It was incredible to talk to Ray Ellis of Footpath Pictures about “Certain Proof”. The stories of the children in “Certain Proof” are far too common for students with complex communication challenges, and we have experienced this first hand. Most people don’t realize the battles that students and their parents go through just for the opportunity to receive an education with their peers and neighbors, and this feature documentary let’s the general public in on those challenges.
Performance does not equal intelligence. When you have challenges getting your body to cooperate with what your brain is thinking, it does not mean you are not thinking complex thoughts. People like Rick Hoyt, Christy Brown and Jaime Burke are not the exceptions for individuals with communication disorders..they had the right supports, education, and someone who believed in them. It is vital that we give everyone the opportunities to communicate in a way that works for them. Why is it so much easier to see the competency of an individual who has been able to speak and loses the ability after a stroke or accident, than it is to see that same ability in an individual who has never had that ability? Why is it easier to keep searching for a means for someone to communicate if they had the ability and lost it, than it is to keep searching for someone who has never been able to use their voice? Why does someone have to prove their worth before we educate them?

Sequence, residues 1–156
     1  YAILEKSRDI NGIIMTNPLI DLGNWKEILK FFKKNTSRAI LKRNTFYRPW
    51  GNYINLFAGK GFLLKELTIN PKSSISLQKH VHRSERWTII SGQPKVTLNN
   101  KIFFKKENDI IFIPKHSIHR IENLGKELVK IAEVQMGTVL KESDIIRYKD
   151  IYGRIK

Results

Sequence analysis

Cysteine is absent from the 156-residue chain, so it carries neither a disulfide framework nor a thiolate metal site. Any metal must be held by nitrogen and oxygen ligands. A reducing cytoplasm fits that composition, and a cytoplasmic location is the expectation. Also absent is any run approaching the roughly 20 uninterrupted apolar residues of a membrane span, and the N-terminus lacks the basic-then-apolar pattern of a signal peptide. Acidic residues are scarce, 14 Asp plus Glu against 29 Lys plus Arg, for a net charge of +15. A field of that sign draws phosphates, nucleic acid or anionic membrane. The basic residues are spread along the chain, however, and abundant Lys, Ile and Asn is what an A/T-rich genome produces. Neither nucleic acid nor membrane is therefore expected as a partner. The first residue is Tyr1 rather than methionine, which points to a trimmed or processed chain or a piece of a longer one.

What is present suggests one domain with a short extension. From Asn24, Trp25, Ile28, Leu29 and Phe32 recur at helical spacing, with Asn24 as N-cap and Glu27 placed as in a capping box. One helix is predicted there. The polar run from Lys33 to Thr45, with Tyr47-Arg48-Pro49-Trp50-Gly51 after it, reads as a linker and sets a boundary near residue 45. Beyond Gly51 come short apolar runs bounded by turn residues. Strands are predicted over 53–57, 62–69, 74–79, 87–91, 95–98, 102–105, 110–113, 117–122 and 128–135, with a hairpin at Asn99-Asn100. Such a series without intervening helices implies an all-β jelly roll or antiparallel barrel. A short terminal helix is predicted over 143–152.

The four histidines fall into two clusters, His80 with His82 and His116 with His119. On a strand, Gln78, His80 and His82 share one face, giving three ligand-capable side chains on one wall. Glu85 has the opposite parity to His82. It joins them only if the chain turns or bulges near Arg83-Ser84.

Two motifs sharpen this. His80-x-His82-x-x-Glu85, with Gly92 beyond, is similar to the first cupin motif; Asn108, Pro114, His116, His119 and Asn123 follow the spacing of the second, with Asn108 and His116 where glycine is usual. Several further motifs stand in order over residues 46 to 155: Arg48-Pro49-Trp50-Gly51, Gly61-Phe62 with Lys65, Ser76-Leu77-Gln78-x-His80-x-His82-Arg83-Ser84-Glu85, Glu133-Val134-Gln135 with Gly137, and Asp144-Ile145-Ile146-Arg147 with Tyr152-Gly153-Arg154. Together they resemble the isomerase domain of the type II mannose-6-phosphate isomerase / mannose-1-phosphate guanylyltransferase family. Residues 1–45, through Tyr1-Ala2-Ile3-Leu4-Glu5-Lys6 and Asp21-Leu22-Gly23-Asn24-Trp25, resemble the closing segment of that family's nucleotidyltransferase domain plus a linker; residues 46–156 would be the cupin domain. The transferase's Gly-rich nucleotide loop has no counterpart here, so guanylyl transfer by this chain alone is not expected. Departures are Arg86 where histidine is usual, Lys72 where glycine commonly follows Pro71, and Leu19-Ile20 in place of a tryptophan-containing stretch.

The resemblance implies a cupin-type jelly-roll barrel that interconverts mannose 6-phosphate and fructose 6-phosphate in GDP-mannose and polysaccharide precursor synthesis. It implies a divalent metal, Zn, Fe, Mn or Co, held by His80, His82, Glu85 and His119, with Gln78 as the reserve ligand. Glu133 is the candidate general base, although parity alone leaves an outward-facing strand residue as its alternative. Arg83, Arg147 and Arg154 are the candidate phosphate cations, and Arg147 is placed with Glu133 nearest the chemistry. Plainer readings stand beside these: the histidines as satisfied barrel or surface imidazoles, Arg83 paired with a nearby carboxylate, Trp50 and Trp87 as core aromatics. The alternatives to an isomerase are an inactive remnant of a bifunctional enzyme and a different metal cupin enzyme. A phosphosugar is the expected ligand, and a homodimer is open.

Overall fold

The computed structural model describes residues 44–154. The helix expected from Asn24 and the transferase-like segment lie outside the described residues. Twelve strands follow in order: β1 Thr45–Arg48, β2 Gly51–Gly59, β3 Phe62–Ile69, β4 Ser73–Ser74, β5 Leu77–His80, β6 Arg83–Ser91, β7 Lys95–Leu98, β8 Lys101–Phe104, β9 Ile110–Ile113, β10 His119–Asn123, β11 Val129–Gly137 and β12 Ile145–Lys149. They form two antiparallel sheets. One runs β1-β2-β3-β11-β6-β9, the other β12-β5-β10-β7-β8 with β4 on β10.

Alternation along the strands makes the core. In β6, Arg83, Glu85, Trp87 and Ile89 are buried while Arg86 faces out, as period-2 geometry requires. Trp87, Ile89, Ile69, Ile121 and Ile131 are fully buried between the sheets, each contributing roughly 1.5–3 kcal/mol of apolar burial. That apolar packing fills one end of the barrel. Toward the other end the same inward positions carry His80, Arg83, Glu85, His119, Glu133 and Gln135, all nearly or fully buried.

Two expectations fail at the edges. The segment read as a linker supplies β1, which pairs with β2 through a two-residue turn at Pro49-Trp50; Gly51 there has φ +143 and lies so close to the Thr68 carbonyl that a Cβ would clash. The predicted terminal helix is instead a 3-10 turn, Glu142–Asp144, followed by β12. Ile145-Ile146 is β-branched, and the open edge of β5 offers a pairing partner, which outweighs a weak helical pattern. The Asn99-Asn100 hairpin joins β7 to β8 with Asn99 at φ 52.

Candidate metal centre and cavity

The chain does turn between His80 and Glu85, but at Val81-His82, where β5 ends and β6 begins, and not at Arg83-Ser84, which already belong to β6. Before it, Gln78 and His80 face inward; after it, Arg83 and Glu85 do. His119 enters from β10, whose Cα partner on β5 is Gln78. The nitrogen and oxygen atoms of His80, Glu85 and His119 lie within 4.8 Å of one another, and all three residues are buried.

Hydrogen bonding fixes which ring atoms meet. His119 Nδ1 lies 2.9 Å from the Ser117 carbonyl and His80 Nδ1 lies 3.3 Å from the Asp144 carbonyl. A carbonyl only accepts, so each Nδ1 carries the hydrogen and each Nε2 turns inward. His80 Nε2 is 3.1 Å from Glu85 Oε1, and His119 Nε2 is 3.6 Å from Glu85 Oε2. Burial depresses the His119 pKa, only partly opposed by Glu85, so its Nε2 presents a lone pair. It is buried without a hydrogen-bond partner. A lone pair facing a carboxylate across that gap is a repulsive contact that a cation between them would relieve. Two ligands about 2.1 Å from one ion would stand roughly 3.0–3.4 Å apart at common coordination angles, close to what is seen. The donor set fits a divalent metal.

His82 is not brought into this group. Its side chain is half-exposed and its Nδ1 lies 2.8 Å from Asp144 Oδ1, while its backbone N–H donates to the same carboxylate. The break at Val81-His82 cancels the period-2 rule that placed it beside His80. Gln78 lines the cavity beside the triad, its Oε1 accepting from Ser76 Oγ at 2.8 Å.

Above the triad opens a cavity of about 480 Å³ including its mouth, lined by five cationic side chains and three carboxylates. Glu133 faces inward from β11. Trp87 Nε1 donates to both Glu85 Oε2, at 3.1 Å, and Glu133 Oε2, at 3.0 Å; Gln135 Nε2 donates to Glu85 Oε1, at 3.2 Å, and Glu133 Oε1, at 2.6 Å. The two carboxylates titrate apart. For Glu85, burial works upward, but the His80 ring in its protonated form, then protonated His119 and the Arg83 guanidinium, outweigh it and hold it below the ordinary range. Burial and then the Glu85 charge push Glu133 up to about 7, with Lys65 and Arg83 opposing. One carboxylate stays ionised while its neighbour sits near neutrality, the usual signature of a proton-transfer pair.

This great documentary shows how challenging it is for Josh, Kay, and Colin, who are being underestimated because their bodies do not cooperate with their minds. Can you imagine being trapped in your body, without an effective means of communication? Having others doubt that you were even there, because you could not verbally tell them?
It’s time to change assumptions about people like Josh, Kay, Colin, Henry, and all of the others who communicate differently.